Tag Archives: family hike

Hiking Nahal Og

This is a real gem of a hike. Nahal Og is less than a half hour from Jerusalem in the Judean desert. It’s picturesque in a rugged, desert kind of way so it’s a good opportunity for taking photographs of the scenery and of course your family/group.

You might find that parts of the hike are challenging but this is a hike that is doable by parents and kids. There are three places where metal rungs have been hammered into the rock to give you hand and foot holds to help you traverse the steep rock faces. In the winter months there will be parts of the trail that have filled with water that you will have to cross.

The trail is a loop so you end back where you parked your car and in fact, you can do the trail in either direction, depending on whether you want to ascend or descend the rungs. Most people find that climbing up the rungs is easier than going down. The hike itself should take you about two hours.

To fill out your day combine the hike with one of the many other attractions in the area, the mosaics at the Inn of the Good Samaritan, St George’s monastery in Wadi Qelt, the archaeological site at Qumran, a float in the Dead Sea.

Springs in Jerusalem Hills

Around Jerusalem there are some special hikes that let you combine nature, history and archaeology. Two that I’ve already written about are Nahal Katlav and Shaar HaGai. Before heading out pick up some artisan bread, cheese, wine, hummus (you can find zatar growing wild) and salads for a picnic, drive into the hills, hike the trail and enjoy. In Psalms it says

הַמְשַׁלֵּחַ מַעְיָנִים בַּנְּחָלִים בֵּין הָרִים יְהַלֵּכוּן God sends the springs into the valleys, between the mountains. (Psalms 104:10)

A hike to a maayan, a natural spring where water finds its way out of the limestone hillside, is a great outing for the whole family. At some point someone cut into the bedrock to make a pool, perfect for a dip on a hot summer day. There is even a trail, Shvil HaMayaanot, from just before Even Sapir that goes by a number of springs and pools. Drive out to the Jerusalem Biblical Zoo near Malcha (itself a fun destination for the whole family) and park the car at the farthest parking lot, a road with a blue trail marker continues west to 2 springs (it’s also possible to drive it but then it won’t be a hike).  To your right the hill above the trail is called Rekhes Lavan (White Ridge) because of the kirton (chalk, a soft kind of limestone) and the valley below to the left with the train tracks is Nahal Refaim (Valley of Ghosts). After following the winding road you will come to a small parking area, a green Parks sign and steps on your right. Climb the stairs to Ein Lavan that fills 2 pools, a shallow one for smaller children or for cooling your feet and a deeper one, about 1.5 meters, great for swimming. After your picnic follow the spring back towards it source to find a burial cave from the Second Temple period. The second spring, Ein Itamar (also known as Ein Balad), is farther and more challenging to find. Our youngest son, AdirChai, who is the family expert on maayanot told me about it.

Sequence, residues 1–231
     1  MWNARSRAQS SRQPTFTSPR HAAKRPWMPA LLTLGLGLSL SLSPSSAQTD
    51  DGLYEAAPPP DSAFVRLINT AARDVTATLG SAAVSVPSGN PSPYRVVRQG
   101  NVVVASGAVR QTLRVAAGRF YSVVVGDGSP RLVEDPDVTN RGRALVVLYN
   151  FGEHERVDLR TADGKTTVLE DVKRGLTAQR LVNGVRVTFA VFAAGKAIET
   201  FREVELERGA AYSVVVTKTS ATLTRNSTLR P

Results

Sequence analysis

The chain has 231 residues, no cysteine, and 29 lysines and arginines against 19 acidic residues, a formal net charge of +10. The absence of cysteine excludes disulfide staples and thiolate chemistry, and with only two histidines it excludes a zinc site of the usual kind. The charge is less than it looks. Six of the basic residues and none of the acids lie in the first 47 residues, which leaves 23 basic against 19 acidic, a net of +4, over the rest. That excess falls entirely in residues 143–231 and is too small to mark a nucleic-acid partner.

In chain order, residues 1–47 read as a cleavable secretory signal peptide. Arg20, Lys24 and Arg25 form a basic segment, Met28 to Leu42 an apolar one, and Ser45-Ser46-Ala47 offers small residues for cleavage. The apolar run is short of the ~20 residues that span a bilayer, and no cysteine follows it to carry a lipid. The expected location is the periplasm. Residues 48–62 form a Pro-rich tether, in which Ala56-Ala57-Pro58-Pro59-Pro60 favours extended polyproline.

From Ein Lavan descend the steps and continue along the road. At the fork stay right, you will see that the blue trail joins the black. The road becomes paved again, there is a gravel path that forks to the left (don’t take it, follow the black trail). When the road turns right and is climbing there’s a dirt path to the left that leads down (marked with a blue trail marker), follow it until it turns sharply to the left. Look for the ruins of a stone building, the pool is below it. If you need a guide contact me.

Jewish Hirbet Midras

About 45km south of Jerusalem in the Ella valley, where David fought Goliath, are the ruins of an ancient agricultural settlement beginning in Iron age II, Hirbet Midras. With the recent discovery of a Byzantine church thought to be the burial place of the prophet Zechariah* people may lose sight of the fact that the site also contained a large, important Jewish settlement that dates from the Second Temple period (3rd century BCE) until its destruction during the Bar Kokhba uprising.

The site is part of a JNF park and nature reserve covering about 5000 dunam with typical Mediterranean woodlands, Kermes oak, Atlantic pistachio, terebinth and buckthorn. When I visited there were pink cyclamen (rakafot רקפות), red anemones (kalaniot כלניות) and Common Asphodel in bloom. With the recent rains, hyssop (zatar) had come up.

There were also many clumps of mandrakes (dudaim) in bloom, the fruit, which is reported in the Bible to be an aphrodisiac, will be ready late summer, at the time of the wheat harvest.

וַיֵּלֶךְ רְאוּבֵן בִּימֵי קְצִיר-חִטִּים, וַיִּמְצָא דוּדָאִים בַּשָּׂדֶה, וַיָּבֵא אֹתָם, אֶל-לֵאָה אִמּוֹ; וַתֹּאמֶר רָחֵל, אֶל-לֵאָה, תְּנִי-נָא לִי, מִדּוּדָאֵי בְּנֵךְ

Reuven went out and found mandrakes in the field and brought them to his mother, Leah. Then Rachel said to Leah, “Give me, I pray thee, of your son’s mandrakes”.  Genesis 30:14

Among the remains at the site are various buildings, agricultural installations and an extensive complex of caves and tunnels, including a columbarium and tombs.

Cut out of the soft limestone is a bell cave with square and triangular niches carved in the walls that was used as a columbarium (dovecote). The pigeons were raised for food and the dung used as fertilizer. Other bell caves were used for storage and hiding during the Bar Kokhba revolt – a collection of chambers were quarried and connected to each other by tunnels. For those who like spelunking you can walk and crawl (about 20 minutes and you’ll need a flashlight and a map) from the bell cave through a circular maze of tunnels through some dozen chambers that takes you back to where you started.

At the top of the hill with a great view of the coastal plain is a stepped, pyramid-shaped structure of dressed stone, the only one of its kind in Israel. The base is about 10 meters and the present height is 3.5 meters but 3 rows of stones are missing bringing the original height to 5 meters. This structure is a nefesh or monument marking a Jewish burial cave.

There is a wall of dressed stones up the hill near the stepped pyramid and nearby part of a niche which leads scholars to identify the building as a 4th century synagogue.